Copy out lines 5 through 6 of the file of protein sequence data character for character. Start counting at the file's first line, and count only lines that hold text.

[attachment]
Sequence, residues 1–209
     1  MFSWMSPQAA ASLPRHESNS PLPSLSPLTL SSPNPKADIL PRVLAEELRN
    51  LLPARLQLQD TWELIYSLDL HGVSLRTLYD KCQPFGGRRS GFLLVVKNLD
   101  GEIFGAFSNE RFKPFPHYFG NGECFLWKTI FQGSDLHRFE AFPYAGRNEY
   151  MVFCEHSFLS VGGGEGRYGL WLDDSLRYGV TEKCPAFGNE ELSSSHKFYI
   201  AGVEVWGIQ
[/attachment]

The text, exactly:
   151  MVFCEHSFLS VGGGEGRYGL WLDDSLRYGV TEKCPAFGNE ELSSSHKFYI
   201  AGVEVWGIQ